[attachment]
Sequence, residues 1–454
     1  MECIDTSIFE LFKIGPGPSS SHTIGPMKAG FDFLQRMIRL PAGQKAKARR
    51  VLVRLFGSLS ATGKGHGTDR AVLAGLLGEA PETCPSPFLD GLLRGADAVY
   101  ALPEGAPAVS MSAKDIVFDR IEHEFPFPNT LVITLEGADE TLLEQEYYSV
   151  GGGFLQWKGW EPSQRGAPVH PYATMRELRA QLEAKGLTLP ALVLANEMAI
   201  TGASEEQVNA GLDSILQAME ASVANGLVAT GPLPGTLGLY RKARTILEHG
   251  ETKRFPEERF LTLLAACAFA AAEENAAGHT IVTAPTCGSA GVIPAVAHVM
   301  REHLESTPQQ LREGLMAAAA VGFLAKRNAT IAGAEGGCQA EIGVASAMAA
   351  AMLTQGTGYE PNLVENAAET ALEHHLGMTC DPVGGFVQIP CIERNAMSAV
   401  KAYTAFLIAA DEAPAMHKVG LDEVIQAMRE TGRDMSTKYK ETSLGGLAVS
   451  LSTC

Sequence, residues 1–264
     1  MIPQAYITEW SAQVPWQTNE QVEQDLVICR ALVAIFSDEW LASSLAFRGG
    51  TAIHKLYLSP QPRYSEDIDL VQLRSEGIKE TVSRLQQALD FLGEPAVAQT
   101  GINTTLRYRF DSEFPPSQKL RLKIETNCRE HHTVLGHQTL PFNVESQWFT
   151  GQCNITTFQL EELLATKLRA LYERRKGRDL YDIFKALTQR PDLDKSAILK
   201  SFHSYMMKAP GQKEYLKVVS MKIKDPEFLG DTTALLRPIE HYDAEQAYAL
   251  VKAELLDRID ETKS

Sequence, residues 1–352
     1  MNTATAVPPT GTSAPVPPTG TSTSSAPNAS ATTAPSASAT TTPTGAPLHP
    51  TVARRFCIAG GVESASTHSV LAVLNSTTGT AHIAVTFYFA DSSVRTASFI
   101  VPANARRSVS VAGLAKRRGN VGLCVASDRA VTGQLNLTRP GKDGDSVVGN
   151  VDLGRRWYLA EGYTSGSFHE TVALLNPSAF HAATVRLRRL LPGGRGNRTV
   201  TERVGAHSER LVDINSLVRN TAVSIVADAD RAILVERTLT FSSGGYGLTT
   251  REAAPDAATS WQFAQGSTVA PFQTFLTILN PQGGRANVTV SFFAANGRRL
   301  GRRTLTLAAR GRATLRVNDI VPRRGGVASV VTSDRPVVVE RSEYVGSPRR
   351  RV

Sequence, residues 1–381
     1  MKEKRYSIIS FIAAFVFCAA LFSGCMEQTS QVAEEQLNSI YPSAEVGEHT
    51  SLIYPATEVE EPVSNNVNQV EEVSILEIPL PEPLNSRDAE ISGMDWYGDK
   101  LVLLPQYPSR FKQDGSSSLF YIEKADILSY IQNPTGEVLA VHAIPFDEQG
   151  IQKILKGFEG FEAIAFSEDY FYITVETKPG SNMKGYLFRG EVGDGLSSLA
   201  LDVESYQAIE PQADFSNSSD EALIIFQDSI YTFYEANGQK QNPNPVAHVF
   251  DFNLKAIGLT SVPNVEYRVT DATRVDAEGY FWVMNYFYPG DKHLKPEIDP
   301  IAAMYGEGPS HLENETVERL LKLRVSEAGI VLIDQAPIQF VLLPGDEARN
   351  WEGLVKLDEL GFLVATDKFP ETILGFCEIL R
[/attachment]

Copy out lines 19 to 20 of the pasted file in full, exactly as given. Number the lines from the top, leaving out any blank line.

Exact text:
Sequence, residues 1–352
     1  MNTATAVPPT GTSAPVPPTG TSTSSAPNAS ATTAPSASAT TTPTGAPLHP